This was a slow burn thriller. There was a lot of time building up to the plot twists. Sometimes it took too long to get to a new development, with the characters reflecting on the past before an obvious plot twist or reveal. If some of the reflection was cut and the space between plot twists was shorter, it would have been a more suspenseful story.

There were some disturbing scenes that need some content warnings. There was alcoholism, abuse, rape, and animal abuse. These things really escalated at the end of the book. The final chapters were quite intense, but also more graphic than the beginning of the book.

Unfortunately this slow burn thriller didn’t work for me, but I’m sure other readers will like it.

Thank you HarperCollins for providing a copy of this book in exchange for an honest review.

What to read next:

I Invited Her In by Adele Parks

The Last Wife by Karen Hamilton

About the author:

Adele Parks was born in Teesside, North-East England. Her first novel, Playing Away, was published in 2000 and since then she’s had seventeen international bestsellers, translated into twenty-six languages, including I Invited Her In. She’s been an Ambassador for The Reading Agency and a judge for the Costa. She’s lived in Italy, Botswana and London, and is now settled in Guildford, Surrey, with her husband, teenage son and cat.

Have you read Lies Lies Lies? What did you think of it?

‘Waiting on’ Wednesday – August 5

This is a weekly meme hosted by Breaking the Spine. In this post we highlight a book that’s highly anticipated.

The book that I’m waiting on this Wednesday is Legendborn by Tracy Deonn. The expected publication date is September 15, 2020.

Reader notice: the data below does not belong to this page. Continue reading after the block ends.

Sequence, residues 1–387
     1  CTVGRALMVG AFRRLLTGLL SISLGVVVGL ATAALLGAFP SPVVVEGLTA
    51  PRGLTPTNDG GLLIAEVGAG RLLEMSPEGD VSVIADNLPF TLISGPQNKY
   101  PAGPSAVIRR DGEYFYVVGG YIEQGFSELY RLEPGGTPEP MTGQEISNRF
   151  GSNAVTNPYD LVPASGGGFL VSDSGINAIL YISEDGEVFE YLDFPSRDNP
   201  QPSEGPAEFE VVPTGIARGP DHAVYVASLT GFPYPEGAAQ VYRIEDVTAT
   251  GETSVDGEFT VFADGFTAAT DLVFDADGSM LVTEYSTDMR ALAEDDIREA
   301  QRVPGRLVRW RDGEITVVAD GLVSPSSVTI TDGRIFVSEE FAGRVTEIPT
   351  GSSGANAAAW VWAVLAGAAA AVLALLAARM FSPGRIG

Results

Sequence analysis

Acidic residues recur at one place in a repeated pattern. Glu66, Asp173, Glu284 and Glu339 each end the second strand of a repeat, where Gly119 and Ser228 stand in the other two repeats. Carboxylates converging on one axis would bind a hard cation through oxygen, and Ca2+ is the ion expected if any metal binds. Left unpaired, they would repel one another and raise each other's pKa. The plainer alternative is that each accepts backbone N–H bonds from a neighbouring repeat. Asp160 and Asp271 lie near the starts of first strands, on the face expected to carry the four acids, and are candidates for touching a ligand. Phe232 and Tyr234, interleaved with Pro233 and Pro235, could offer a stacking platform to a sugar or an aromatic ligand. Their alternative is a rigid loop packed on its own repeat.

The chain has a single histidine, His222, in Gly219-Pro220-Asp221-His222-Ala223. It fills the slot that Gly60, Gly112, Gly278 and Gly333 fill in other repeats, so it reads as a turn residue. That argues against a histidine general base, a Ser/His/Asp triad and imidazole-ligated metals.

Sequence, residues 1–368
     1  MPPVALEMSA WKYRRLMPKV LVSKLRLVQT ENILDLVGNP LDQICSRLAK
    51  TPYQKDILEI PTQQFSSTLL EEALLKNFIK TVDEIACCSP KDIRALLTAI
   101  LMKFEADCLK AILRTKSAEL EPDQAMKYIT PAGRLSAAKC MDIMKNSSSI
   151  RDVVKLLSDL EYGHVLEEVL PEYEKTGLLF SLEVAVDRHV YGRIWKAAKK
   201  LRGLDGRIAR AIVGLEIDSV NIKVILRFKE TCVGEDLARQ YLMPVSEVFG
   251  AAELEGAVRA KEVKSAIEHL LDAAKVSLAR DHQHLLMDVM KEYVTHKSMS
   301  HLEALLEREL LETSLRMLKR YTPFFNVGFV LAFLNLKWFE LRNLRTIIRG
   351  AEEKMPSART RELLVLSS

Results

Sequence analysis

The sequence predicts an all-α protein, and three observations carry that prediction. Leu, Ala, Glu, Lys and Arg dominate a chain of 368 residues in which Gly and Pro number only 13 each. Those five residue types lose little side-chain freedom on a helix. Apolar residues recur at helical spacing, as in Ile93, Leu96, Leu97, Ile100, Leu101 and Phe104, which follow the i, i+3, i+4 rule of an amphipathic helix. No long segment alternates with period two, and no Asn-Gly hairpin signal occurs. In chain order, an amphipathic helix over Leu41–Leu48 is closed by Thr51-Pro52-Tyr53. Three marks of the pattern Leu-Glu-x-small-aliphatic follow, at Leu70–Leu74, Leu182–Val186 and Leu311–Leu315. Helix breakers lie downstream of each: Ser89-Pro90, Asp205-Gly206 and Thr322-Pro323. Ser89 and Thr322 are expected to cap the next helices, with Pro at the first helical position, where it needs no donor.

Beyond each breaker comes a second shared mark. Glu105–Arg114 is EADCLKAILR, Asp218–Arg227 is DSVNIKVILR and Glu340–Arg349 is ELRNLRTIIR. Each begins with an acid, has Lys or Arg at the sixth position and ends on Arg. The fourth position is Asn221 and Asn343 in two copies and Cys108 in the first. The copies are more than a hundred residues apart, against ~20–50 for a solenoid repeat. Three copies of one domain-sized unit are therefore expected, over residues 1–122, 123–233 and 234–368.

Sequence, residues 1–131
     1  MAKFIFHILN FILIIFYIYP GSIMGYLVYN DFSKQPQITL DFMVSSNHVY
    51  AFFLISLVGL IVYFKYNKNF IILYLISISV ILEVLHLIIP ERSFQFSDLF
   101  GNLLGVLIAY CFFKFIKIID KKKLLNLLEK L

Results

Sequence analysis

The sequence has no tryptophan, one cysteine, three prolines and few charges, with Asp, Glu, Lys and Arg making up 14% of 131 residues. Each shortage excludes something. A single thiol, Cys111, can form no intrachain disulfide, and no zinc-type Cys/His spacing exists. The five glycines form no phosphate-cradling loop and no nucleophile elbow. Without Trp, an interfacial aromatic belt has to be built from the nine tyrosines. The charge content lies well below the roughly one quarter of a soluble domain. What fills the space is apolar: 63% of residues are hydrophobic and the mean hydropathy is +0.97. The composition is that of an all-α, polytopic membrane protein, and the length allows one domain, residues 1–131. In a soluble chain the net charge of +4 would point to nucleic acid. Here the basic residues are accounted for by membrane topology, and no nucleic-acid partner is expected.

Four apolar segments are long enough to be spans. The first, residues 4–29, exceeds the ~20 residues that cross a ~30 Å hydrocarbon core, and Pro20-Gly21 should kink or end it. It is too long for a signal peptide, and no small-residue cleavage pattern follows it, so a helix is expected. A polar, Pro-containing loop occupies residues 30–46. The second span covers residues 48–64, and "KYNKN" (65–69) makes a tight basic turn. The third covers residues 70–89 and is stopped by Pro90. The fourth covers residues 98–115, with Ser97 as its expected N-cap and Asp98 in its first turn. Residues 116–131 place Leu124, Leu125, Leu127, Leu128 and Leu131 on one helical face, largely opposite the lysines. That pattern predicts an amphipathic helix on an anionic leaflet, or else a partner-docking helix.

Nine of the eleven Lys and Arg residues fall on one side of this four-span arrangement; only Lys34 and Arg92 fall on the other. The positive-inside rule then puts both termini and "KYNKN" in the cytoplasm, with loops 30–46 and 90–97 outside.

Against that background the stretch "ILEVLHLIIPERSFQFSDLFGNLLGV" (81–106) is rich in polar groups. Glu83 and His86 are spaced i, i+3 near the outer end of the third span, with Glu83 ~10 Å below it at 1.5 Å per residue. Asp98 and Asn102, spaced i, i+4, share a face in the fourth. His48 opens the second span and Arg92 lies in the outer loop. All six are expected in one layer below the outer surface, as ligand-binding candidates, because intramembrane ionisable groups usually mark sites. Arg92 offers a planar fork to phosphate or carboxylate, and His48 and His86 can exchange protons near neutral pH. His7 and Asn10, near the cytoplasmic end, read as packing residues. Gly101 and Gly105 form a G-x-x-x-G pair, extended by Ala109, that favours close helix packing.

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Goodreads Synopsis:

Filled with mystery and an intriguingly rich magic system, Tracy Deonn’s YA contemporary fantasy Legendborn offers the dark allure of City of Bones with a modern-day twist on a classic legend and a lot of Southern Black Girl Magic.

After her mother dies in an accident, sixteen-year-old Bree Matthews wants nothing to do with her family memories or childhood home. A residential program for bright high schoolers at UNC–Chapel Hill seems like the perfect escape—until Bree witnesses a magical attack her very first night on campus.

A flying demon feeding on human energies.

A secret society of so called “Legendborn” students that hunt the creatures down.

And a mysterious teenage mage who calls himself a “Merlin” and who attempts—and fails—to wipe Bree’s memory of everything she saw.

The mage’s failure unlocks Bree’s own unique magic and a buried memory with a hidden connection: the night her mother died, another Merlin was at the hospital. Now that Bree knows there’s more to her mother’s death than what’s on the police report, she’ll do whatever it takes to find out the truth, even if that means infiltrating the Legendborn as one of their initiates.

She recruits Nick, a self-exiled Legendborn with his own grudge against the group, and their reluctant partnership pulls them deeper into the society’s secrets—and closer to each other. But when the Legendborn reveal themselves as the descendants of King Arthur’s knights and explain that a magical war is coming, Bree has to decide how far she’ll go for the truth and whether she should use her magic to take the society down—or join the fight. 

What books are you waiting on this week?

Review: Pillow Thoughts IV: Stitching the Soul

Title: Pillow Thoughts IV: Stitching the Soul
Author: Courtney Peppernell
Genre: Poetry
Publisher: Andrews McMeel Publishing
Source: Publisher via NetGalley
Format: Ebook
Release Date: August 4, 2020
Rating: ★★★★


Goodreads Synopsis: